May 23rd, 2012 | researchmaterial
Are SF writers "slacking off" or is science fiction still the genre of "big ideas"? If so, what authors are supplying these ideas for the next generation of scientists and engineers?
And off he goes. You should really read the whole thing, but here’s the core of it:
…those people who are doing the "big visionary ideas about the future" SF are mostly doing so in a vacuum of critical appreciation. Greg Egan’s wonderful clockwork constructions out of the raw stuff of quantum mechanics, visualising entirely different types of universe, fall on the deaf ears of critics who are looking for depth of characterisation, and don’t realize that in his SF the structure of the universe is the character. On Hannu Rajaniemi’s brilliant "The Quantum Thief" — I have yet to see a single review that even notices the fact that this is the first hard SF novel to examine the impact of quantum cryptography on human society. (That’s a huge idea, but none of the reviewers even noticed it!) And there, over in a corner, is Bruce Sterling, blazing a lonely pioneering trail into the future. Chairman Bruce played out cyberpunk before most of us ever heard of it, invented the New Space Opera in "Schismatrix" (which looked as if nobody appreciated it for a couple of decades), co-wrote the most interesting hard-SF steampunk novel of all, and got into global climate change in the early 90s. He’s currently about ten years ahead of the curve. If SF was about big innovative visions, he’d need to build an extension to house all his Hugo awards.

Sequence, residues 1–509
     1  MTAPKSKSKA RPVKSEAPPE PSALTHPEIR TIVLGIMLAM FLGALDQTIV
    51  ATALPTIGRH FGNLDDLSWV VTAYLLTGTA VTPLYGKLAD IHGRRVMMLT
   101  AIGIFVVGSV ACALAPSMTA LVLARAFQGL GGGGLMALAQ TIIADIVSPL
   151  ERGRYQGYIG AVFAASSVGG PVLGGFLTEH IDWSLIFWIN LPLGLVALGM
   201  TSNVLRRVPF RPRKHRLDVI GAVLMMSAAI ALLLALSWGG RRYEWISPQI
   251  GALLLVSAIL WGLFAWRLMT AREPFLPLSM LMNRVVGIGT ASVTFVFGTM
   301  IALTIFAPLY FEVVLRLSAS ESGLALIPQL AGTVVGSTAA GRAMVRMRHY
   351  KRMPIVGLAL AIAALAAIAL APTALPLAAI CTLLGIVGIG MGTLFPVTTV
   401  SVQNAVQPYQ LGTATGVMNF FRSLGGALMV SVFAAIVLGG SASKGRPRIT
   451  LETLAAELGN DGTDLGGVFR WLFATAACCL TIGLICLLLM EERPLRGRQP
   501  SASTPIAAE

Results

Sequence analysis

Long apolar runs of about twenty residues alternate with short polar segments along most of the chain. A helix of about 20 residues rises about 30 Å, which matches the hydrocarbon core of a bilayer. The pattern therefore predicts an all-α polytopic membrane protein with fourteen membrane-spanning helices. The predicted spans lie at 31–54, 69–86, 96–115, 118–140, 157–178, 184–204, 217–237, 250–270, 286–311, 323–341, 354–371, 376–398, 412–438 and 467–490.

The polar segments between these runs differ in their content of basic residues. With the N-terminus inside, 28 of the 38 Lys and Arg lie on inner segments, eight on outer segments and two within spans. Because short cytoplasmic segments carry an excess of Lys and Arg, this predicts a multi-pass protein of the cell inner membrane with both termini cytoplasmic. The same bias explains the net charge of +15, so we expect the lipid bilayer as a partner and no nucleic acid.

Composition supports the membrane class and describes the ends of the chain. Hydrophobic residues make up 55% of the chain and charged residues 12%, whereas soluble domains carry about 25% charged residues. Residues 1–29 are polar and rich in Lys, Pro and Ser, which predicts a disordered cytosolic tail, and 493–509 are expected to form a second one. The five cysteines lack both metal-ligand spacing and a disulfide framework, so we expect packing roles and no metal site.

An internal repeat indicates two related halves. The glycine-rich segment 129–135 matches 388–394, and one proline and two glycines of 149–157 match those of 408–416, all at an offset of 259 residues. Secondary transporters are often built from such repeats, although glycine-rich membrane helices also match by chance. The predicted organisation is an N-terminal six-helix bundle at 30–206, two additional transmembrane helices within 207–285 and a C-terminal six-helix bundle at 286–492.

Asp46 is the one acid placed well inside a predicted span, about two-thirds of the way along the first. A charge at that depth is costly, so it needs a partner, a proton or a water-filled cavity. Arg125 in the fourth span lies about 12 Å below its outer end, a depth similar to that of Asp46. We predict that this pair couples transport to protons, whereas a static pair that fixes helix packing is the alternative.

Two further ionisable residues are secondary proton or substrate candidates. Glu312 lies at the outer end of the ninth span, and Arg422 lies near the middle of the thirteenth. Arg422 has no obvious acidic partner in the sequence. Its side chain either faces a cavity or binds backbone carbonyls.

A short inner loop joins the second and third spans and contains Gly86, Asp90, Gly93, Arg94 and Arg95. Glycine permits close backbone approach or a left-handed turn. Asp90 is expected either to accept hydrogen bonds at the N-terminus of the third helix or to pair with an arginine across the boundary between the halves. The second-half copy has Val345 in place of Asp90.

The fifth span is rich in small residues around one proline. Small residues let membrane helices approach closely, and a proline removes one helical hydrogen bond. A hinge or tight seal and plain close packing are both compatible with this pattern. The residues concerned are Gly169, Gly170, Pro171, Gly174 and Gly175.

So what’s at the root of this problem? Why are the innovative and rigorously extrapolated visions of the future so thin on the ground and so comprehensively ignored?
…We people of the SF-reading ghetto have stumbled blinking into the future, and our dirty little secret is that we don’t much like it…